My Memories of Senator John McCain and His Commitment to Healthcare

by Burl Stamp

My Memories of Senator John McCain and His Commitment to Healthcare

by Burl Stamp

by Burl Stamp

To the heartfelt chorus of praise, respect and admiration for a great American hero, Senator John McCain, I have to humbly add my memories from the time while I was the president/CEO of Phoenix Children’s Hospital almost 20 years ago.

Each year, leadership from the children’s hospitals across the country would travel to Washington to meet with their Congressional delegations on issues facing children’s health. Some representatives and senators would make time to meet with us; others delegated the task to staff.

First, if Senator McCain was in town, he would always meet with me. Contrast that with a freshman representative who couldn’t find the time so he sent a green staffer who didn’t even follow health care. The aide sheepishly admitted as we started our meeting, “I usually follow labor and manufacturing and am just learning about health care. Before we start, could you remind me of the difference between Medicare and Medicaid?” I knew then that this would be a very short conversation.

Second, Senator McCain always understood the issues in healthcare and was aware of pending or proposed legislation. He gave us his undivided attention during those meetings despite hundreds of other pressing issues and challenges that demanded his time and focus. Remember that this was during the time when he was ramping up for his first run at the presidency in 2000.

His staff member who followed health care was one of the brightest, best informed aides we met on the Hill. She kept us apprised of the status of important issues and respectfully used our team at the children’s hospital as a resource to better understand the impact of various proposals on the children of Arizona. I soon learned that the quality of Congressional staffers reflected the wisdom and care of the senators and representatives they worked for.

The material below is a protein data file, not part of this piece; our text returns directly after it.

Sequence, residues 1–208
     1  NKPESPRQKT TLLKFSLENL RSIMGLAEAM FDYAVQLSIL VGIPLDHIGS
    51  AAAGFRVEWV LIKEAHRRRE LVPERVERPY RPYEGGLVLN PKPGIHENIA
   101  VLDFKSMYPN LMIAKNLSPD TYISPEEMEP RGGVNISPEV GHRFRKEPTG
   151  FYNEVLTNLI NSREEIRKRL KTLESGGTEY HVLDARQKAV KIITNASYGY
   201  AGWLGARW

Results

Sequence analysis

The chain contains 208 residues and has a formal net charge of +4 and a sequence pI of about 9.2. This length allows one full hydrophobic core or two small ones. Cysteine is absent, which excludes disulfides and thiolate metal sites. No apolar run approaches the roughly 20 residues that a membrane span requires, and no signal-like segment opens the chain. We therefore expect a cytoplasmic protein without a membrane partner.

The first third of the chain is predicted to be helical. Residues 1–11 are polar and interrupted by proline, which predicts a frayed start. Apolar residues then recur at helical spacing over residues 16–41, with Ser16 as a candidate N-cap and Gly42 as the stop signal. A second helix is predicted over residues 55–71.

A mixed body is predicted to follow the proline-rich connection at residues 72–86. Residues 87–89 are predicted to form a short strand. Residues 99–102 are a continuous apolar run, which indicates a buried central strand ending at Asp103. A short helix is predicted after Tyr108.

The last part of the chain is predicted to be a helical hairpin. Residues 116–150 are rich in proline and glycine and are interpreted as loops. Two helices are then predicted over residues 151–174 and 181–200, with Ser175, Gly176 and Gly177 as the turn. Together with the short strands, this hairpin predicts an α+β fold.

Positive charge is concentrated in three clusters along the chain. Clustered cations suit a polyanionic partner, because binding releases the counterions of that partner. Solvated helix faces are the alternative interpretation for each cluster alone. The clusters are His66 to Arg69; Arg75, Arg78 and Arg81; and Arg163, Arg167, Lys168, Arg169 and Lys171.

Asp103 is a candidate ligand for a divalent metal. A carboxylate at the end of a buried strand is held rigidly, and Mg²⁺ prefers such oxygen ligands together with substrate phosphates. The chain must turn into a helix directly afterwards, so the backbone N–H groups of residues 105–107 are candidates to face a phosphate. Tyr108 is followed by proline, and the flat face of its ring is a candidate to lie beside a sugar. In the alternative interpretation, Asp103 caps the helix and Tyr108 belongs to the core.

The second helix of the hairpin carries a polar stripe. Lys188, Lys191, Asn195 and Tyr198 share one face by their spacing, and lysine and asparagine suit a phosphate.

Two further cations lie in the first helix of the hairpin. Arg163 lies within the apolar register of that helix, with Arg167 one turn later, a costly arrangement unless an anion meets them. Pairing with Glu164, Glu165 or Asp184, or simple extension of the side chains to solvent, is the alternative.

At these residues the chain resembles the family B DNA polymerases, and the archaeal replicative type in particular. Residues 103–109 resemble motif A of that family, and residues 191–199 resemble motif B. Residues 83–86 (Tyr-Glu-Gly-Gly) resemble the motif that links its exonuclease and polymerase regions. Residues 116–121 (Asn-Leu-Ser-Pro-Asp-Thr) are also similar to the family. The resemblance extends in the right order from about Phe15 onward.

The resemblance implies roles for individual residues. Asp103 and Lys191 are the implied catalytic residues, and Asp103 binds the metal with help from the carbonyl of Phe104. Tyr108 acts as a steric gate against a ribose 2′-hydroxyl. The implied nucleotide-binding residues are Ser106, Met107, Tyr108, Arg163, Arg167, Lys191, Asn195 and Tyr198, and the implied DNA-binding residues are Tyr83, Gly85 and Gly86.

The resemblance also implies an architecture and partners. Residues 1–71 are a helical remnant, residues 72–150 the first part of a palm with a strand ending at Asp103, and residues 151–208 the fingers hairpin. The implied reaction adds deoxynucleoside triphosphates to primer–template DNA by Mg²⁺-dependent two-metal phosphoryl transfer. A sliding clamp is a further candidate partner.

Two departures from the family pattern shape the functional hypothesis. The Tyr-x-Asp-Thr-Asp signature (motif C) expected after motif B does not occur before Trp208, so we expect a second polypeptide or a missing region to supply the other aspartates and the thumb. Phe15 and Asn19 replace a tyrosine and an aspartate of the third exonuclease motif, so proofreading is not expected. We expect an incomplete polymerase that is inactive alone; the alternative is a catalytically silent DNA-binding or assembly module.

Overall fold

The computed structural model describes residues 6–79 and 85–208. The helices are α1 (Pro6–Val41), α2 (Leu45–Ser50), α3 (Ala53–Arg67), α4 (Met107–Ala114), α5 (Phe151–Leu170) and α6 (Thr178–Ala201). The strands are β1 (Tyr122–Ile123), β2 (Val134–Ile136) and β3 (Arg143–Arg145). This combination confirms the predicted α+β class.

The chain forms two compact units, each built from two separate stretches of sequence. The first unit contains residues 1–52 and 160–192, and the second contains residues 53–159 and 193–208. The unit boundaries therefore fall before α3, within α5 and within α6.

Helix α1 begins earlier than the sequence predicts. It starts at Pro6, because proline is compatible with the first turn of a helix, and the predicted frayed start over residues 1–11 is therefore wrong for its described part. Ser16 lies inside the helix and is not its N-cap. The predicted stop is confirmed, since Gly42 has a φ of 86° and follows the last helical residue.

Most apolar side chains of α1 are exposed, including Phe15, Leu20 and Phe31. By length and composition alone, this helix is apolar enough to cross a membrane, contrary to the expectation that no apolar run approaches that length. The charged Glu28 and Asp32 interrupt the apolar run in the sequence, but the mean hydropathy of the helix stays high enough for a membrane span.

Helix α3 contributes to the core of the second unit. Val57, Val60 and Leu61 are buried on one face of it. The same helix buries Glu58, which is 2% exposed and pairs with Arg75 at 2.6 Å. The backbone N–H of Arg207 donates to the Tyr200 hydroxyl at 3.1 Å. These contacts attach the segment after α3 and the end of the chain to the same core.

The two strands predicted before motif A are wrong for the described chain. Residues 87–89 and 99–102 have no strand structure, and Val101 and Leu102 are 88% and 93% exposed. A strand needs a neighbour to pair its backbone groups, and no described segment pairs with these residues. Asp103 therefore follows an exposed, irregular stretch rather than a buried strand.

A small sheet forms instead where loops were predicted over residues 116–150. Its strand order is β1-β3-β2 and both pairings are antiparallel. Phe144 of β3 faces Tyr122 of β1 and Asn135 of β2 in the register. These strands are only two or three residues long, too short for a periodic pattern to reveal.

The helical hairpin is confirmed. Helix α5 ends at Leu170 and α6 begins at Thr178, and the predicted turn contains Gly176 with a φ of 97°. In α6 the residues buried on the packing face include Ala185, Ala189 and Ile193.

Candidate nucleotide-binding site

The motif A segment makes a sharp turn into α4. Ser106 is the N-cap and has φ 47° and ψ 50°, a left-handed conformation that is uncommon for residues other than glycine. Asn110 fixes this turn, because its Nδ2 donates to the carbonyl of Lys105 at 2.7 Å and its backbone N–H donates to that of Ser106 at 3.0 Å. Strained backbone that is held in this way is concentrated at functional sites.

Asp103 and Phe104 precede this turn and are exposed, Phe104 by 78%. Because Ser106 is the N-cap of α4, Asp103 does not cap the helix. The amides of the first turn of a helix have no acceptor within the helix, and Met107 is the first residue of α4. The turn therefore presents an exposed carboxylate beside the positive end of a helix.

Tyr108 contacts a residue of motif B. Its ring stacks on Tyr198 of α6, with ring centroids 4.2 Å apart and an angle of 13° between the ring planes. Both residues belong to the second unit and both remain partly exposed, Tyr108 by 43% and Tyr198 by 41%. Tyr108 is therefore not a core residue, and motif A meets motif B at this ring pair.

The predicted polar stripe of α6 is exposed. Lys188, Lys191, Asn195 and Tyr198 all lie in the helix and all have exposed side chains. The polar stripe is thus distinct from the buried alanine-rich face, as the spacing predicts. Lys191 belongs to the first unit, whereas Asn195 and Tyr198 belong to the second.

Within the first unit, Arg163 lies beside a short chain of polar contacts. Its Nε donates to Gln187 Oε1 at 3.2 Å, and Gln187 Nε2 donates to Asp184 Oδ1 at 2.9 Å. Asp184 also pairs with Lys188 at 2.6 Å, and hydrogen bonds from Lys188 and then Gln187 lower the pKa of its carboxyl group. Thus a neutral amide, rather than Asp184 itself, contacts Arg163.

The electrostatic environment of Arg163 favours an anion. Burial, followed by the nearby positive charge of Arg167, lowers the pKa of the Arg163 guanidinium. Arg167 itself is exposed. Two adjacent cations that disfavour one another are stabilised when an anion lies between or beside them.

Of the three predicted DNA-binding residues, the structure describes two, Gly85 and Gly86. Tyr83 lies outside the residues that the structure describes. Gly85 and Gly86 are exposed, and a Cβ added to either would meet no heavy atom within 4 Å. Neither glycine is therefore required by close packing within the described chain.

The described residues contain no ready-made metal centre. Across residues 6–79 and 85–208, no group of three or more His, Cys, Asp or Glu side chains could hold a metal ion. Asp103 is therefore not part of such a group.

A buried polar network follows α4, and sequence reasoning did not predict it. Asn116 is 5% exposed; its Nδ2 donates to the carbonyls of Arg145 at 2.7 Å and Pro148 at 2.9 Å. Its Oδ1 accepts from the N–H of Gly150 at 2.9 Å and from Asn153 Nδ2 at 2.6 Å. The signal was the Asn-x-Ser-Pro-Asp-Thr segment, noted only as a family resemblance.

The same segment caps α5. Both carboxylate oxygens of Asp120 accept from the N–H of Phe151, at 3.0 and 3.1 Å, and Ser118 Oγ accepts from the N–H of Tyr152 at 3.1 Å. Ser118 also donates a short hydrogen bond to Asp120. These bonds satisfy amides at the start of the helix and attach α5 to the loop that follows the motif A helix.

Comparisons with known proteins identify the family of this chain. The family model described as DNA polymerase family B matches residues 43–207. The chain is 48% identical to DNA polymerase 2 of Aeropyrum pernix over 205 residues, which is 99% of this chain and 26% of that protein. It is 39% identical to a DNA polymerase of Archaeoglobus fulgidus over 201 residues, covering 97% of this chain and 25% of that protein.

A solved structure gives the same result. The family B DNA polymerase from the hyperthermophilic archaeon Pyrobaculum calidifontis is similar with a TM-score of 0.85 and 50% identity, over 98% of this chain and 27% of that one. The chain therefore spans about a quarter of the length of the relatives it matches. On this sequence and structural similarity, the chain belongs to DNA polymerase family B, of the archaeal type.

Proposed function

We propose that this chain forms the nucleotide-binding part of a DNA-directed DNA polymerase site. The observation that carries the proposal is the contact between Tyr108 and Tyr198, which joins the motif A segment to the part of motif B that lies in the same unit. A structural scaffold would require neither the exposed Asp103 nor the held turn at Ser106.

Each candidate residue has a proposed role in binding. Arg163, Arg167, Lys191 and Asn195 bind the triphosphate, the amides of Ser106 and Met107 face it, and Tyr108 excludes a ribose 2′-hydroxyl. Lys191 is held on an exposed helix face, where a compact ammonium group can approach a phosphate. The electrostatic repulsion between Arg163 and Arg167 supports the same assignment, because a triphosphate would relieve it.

My final memory is a more personal one that gave me a glimpse of Senator McCain as father. One year we were escorted into his conference room and noticed his youngest son Jimmy was asleep on the coach. Senator McCain apologized and explained that he has just flown in late the night before from Phoenix to spend some time with Dad. While we encouraged him to let Jimmy sleep, Senator McCain was already nudging him to wake up. “Son, you need to wake up. Dad has important people who are here to meet with me,” he firmly said. Jimmy quickly obliged without any hesitation or push back. It struck me that Senator McCain had Jimmy in his office not just so he could spend time with him. He wanted him to understand service and the importance of the work Dad was doing on behalf of the American people.

I only met with Senator McCain three times, but they were three of the most important, personally significant meetings I had during my tenure at Phoenix Children’s. He cared deeply about issues affecting children and healthcare, so I was not at all surprised by one of his final, most courageous votes on the floor of the Senate. America has lost both a great hero and a steadfast advocate for improving health care for all citizens.

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